Friday, 22 November 2013

Book Addicted Boys: S.F. Said


I was talking on Twitter to a bunch of awesome bloggers – only one of whom was a boy. We were talking about how few male bloggers there are. And so I thought: Why not create a feature specifically designed to get boys into blogging – and reading? And so Book Addicted Boys was born!
Today we have the amazing SF Said here today, author of the brilliant Phoenix and more.  He's here to talk about space, space stories and beyond!! :D 
Enjoy...

I've always loved space.  As a child growing up in the 1970s, I was addicted to TV shows like Star Trek and Space 1999, and films like Star Wars.  My favourite books were the Star Trek novelizations, but I remember feeling frustrated that there weren't enough children's books about space out there.


I also remember camping in the desert with my dad when I was about ten, and realising for the first time just how many stars there were.  It wasn't a handful, like I was used to seeing in London.  The whole sky was alive with burning points of light!


The idea that each of these stars was a sun, around which were planets like ours… and that there were hundreds of billions of stars in each galaxy, and hundreds of billions of galaxies… it was absolutely mind-blowing to me, and still is.  So perhaps it was inevitable that I'd end up writing a space story of my own one day.


The stars pose the biggest questions imaginable, making us consider our place in the universe, and what it means to be alive in it.  It's fascinating to me that so many early mythologies begin with the stars; it seems there's always some kind of connection between gods and stars.  Themes like that, I think, offer the potential for fiction with all the richness and resonance of ancient myth.


Of course, just being about space doesn't necessarily make a book interesting!  There's certainly been plenty of bad space fiction, like any other genre.  But I don't know anyone who's not interested in stories with memorable characters facing huge choices; gripping stories about love and friendship, life and death; stories full of big ideas and beautiful landscapes...  And I don't know anyone who doesn't want to feel a shiver of wonder when they read a book.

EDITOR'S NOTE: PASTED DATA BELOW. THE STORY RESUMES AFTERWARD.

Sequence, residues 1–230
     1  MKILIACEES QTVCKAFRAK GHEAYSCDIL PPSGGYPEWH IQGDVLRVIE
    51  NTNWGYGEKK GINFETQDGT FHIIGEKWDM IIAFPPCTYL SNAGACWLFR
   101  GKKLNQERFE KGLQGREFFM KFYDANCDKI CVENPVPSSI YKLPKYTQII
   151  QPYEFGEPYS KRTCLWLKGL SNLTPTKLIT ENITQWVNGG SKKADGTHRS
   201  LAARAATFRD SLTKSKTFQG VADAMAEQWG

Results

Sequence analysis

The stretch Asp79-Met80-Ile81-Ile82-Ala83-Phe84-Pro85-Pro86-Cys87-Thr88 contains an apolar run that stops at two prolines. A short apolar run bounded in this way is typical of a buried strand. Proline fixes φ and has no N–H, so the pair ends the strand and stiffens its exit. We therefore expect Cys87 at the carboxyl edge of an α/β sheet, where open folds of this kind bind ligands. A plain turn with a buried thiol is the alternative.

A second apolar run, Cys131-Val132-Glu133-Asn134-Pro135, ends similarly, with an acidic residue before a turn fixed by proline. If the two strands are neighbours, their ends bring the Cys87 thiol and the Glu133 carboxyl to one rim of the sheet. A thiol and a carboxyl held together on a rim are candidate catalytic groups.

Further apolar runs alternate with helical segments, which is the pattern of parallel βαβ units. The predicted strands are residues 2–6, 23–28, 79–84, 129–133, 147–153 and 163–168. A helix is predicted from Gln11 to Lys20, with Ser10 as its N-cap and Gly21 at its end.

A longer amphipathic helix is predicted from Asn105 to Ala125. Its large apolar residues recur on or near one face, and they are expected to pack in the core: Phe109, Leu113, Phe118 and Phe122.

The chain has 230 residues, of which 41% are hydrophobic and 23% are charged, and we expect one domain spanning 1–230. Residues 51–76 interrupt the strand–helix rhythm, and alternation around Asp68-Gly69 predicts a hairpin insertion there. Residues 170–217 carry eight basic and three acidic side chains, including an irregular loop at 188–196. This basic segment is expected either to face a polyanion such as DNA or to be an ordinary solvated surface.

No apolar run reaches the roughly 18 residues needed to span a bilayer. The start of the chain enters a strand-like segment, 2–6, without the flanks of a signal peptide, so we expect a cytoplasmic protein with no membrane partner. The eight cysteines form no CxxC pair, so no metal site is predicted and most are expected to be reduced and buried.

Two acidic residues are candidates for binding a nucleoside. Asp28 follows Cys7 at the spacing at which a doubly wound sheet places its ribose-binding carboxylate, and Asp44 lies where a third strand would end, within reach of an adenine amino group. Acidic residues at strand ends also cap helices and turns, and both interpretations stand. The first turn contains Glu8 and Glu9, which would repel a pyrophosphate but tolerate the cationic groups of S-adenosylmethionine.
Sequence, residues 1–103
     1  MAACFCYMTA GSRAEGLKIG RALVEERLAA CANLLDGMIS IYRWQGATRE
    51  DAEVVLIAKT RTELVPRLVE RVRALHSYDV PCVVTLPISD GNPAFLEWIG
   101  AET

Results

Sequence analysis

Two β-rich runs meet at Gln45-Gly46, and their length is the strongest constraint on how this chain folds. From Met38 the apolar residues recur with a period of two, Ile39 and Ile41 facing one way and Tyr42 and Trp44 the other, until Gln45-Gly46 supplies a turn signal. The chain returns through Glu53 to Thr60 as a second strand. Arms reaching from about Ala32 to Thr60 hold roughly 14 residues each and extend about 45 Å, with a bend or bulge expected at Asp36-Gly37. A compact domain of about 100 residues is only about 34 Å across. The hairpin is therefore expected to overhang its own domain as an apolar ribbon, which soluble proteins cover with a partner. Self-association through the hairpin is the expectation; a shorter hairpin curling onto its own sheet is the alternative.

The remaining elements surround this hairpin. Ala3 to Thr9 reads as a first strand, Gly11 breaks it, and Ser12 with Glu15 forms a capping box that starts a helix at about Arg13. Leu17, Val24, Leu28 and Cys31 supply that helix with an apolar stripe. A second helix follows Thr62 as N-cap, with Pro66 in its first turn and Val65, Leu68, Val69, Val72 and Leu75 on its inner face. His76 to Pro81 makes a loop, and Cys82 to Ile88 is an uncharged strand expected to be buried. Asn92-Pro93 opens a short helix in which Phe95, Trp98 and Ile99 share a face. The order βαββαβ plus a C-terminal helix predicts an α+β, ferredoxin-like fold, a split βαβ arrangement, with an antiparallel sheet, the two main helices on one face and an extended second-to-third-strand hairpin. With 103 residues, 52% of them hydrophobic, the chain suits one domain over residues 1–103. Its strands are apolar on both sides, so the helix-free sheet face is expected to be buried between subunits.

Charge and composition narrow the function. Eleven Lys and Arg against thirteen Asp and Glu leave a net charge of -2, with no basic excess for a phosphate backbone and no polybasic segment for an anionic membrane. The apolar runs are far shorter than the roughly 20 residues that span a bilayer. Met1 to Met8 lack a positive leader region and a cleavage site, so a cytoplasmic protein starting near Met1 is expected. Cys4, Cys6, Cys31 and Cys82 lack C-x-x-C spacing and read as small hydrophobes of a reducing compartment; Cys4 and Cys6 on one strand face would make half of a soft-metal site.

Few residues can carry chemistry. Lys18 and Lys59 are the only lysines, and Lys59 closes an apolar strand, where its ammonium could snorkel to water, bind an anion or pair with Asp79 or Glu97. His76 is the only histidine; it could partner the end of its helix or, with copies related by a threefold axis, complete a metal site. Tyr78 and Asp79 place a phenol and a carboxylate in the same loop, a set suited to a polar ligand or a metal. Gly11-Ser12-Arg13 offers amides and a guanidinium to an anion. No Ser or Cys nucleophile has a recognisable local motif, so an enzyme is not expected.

And space stories allow you to do all that in an entertaining way.  Writers like Iain M Banks have shown that it's possible to write space fiction that is intelligent, compassionate and meaningful, while offering a brilliant rollercoaster ride at the same time.  I love stories that have all those elements.  And in Phoenix, I hope I've brought them all together in a way that book-addicted boys and girls alike can enjoy – even those who don't think they're interested in science fiction!



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Thank you so much!  This was an awesome post - I really enjoyed it!
Guys, check out Phoenix on Goodreads.  Also go find S.F.'s Site and Goodreads Page!  :D
Oh and enjoy this awesome Phoenix video!! :D

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SF Said is an award-winning author. He was born in Lebanon in 1967, but has lived in London since he was 2 years old. He wrote his first novel, Varjak Paw (2003), while working as a speechwriter for the Crown Prince of Jordan, and then as an arts journalist and film programmer.
Varjak Paw won the Nestlé Smarties Book Prize for Children's Literature, as well as regional book of the year awards in Gateshead, Stockton and West Sussex. It has since been adapted as a stage play and an opera, and a film version is in development. It has been translated into 12 languages, and UK sales are now over 275,000.
The sequel, The Outlaw Varjak Paw (2005), won the BBC's Blue Peter Book Of The Year, was nominated for the Carnegie Medal, and won the Leicester Teenage Book Of The Year. Varjak Paw is currently featured on the CLPE's recommended reading list for primary schools, and both books are being taught in classrooms around the UK.
SF's third novel, PHOENIX (2013), is an epic space adventure for readers of 9 and up. It is nominated for both the CILIP Carnegie Medal and the Kate Greenaway Medal. Like the Varjak Paw books, it is illustrated by Dave McKean, and published by David Fickling Books.
SF Said is also active in the wider world of literature. He has judged the Whitbread Book Awards (now the Costa Book Awards), and writes widely about children's and young adult fiction. His work has been published in both the Guardian and the Daily Telegraph.

3 comments:

Jaden Okyre said...

hey am a boy blogger

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